FTSE struggles to bounce back from global sell-off
Source - SMW
The FTSE 100 failed to fully shake off the global sell-off overseas as the blue-chip index dipped 8.6 points to 7,579 around midday.
Overnight, Wall Street struggled with a decline in healthcare companies on the threat of competition from Amazon, JP Morgan Chase and Berkshire Hathaway. The firms said on Tuesday they would create a new healthcare company that would cut costs for US employees.
The S&P 500 declined 1.1% to 2,822 and the Dow Jones tumbled 1.4% to 26,076.
Asian equities followed the US lower this morning, with the exception of Hong Kong's Hang Seng. Japan's Nikkei 225 took the biggest hit, down 0.8% at 23,098.
Brent crude oil slid 0.7% to $68.53 per barrel. Gold glittered at $1,342 per ounce and copper was unmoved at $3.18 per pound.
MID AND LARGE CAP RISERS AND FALLERS
Embattled support services specialist Capita (CPI) revealed a drastic transformation plan and suspended dividend payments until it generates 'sustainable' free cash flow. Investors were alarmed as the shares plummeted 41.1% to 204.7p.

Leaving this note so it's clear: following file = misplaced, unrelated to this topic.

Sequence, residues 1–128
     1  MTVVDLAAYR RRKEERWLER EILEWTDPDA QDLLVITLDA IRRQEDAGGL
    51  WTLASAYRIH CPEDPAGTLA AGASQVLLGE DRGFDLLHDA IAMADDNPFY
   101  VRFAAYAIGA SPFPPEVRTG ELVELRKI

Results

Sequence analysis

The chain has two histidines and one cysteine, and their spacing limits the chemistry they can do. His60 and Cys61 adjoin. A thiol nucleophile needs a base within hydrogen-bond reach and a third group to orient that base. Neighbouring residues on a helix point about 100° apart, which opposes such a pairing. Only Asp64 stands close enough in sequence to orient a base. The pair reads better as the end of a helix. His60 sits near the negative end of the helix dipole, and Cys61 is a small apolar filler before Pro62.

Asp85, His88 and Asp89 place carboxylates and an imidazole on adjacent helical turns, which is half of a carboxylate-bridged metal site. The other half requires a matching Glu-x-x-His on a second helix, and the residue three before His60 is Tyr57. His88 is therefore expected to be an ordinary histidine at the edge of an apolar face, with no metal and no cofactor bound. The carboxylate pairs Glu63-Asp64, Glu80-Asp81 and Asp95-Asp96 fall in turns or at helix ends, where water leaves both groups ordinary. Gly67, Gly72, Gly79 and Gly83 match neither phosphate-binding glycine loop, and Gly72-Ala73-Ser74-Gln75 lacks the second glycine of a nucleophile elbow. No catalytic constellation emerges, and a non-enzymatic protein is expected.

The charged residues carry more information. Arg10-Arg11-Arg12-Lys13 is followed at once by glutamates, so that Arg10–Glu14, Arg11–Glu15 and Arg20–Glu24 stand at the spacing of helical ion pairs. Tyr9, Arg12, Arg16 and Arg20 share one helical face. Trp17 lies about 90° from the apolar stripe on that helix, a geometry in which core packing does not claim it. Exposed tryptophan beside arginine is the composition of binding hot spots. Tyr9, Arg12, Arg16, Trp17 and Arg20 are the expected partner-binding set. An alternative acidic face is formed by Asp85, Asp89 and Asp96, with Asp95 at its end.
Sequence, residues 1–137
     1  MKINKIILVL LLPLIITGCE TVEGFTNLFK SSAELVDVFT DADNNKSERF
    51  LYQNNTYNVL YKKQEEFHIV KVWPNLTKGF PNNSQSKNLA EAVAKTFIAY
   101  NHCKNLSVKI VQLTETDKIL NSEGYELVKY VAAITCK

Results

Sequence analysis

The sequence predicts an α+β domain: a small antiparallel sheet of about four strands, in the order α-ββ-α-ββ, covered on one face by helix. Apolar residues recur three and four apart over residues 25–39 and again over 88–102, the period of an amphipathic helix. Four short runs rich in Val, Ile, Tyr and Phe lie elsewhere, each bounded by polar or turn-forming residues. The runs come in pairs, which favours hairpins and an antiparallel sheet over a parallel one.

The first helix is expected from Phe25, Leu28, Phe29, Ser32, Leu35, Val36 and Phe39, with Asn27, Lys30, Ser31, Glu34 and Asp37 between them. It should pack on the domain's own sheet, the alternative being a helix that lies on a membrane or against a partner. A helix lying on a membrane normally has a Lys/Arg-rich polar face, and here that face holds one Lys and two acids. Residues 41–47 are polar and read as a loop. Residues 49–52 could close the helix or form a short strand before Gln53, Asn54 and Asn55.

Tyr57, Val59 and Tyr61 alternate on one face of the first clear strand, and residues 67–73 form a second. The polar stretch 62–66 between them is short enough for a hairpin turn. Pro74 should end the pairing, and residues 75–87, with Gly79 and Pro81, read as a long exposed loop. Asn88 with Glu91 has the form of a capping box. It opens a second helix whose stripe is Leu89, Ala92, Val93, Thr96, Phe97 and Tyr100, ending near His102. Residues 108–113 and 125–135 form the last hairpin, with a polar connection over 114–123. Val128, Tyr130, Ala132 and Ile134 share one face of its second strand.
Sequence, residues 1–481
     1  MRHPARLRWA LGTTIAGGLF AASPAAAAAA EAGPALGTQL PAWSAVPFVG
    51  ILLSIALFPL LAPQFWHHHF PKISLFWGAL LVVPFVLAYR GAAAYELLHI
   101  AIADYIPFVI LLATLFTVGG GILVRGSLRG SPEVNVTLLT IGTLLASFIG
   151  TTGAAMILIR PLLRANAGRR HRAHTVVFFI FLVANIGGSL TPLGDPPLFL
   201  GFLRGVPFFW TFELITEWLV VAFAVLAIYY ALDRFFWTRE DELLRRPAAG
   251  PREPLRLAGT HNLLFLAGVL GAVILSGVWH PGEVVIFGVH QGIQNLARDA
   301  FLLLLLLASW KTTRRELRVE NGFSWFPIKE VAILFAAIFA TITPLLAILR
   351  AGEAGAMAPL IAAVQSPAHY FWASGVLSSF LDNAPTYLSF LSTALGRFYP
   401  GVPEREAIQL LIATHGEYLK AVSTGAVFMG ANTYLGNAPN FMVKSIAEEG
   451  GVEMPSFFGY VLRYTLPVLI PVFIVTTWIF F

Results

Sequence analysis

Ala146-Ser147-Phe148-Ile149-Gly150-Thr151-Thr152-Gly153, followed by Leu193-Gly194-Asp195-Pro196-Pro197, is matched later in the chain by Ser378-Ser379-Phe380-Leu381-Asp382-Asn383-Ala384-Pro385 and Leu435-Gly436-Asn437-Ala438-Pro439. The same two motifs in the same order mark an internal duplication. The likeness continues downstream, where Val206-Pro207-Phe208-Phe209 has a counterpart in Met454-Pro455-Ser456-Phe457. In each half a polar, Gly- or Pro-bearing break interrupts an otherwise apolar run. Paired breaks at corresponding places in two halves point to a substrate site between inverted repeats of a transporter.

Britvic (BVIC) disappointed the market following a fall in sales in France and its international markets. The Robinsons squash maker was marked 5% lower to 745.2p despite sales rising 3.3% to £337.2m in the quarter to 24 December.
Wizz Air (WIZZ) was down 2.3% at £34.93 after operating profit fell 5.6% to €14.6m in the last three months of 2017 on pressures from fuel costs and the weaker dollar.
Ultra Electronics (ULE) reported its acquisition of US firm Spartan might be pushed back following delays by the US Department of Justice who requested more information. Shares in the defence firm dimmed 2.5% to £14.85.
SSE (SSE) pleased the market with news that it expects to increase its dividend in line with inflation as it delivered a modest increase in earnings guidance. The stock was up 1.5% at £13.10.
Dairy Crest (DCG) experienced strong growth across its key brands, including its Cathedral City and Clover brands, helping its shares gain 4.5% to 585.5p.
SMALL CAP RISERS AND FALLERS
Real Good Food (RGD) slumped 11.1% to 20p after reporting it expects the outturn for 2017 to be an earnings loss of up to £3.5m. The company said its performance in the last few weeks of the year was 'materially below' its expectations.